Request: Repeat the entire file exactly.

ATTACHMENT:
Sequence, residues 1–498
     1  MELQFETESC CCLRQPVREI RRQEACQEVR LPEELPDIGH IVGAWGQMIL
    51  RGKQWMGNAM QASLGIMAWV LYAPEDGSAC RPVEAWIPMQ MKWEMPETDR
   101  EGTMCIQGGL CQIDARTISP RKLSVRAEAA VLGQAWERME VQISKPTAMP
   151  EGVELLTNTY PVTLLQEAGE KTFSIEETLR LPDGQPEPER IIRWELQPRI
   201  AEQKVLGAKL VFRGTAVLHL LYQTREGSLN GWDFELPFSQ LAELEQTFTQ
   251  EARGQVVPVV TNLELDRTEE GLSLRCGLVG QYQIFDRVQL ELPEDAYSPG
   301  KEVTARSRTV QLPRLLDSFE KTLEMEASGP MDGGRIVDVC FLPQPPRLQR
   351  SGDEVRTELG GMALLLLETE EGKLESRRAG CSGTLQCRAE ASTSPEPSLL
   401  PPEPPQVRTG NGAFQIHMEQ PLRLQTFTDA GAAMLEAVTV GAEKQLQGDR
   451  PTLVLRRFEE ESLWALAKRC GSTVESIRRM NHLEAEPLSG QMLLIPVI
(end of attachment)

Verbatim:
Sequence, residues 1–498
     1  MELQFETESC CCLRQPVREI RRQEACQEVR LPEELPDIGH IVGAWGQMIL
    51  RGKQWMGNAM QASLGIMAWV LYAPEDGSAC RPVEAWIPMQ MKWEMPETDR
   101  EGTMCIQGGL CQIDARTISP RKLSVRAEAA VLGQAWERME VQISKPTAMP
   151  EGVELLTNTY PVTLLQEAGE KTFSIEETLR LPDGQPEPER IIRWELQPRI
   201  AEQKVLGAKL VFRGTAVLHL LYQTREGSLN GWDFELPFSQ LAELEQTFTQ
   251  EARGQVVPVV TNLELDRTEE GLSLRCGLVG QYQIFDRVQL ELPEDAYSPG
   301  KEVTARSRTV QLPRLLDSFE KTLEMEASGP MDGGRIVDVC FLPQPPRLQR
   351  SGDEVRTELG GMALLLLETE EGKLESRRAG CSGTLQCRAE ASTSPEPSLL
   401  PPEPPQVRTG NGAFQIHMEQ PLRLQTFTDA GAAMLEAVTV GAEKQLQGDR
   451  PTLVLRRFEE ESLWALAKRC GSTVESIRRM NHLEAEPLSG QMLLIPVI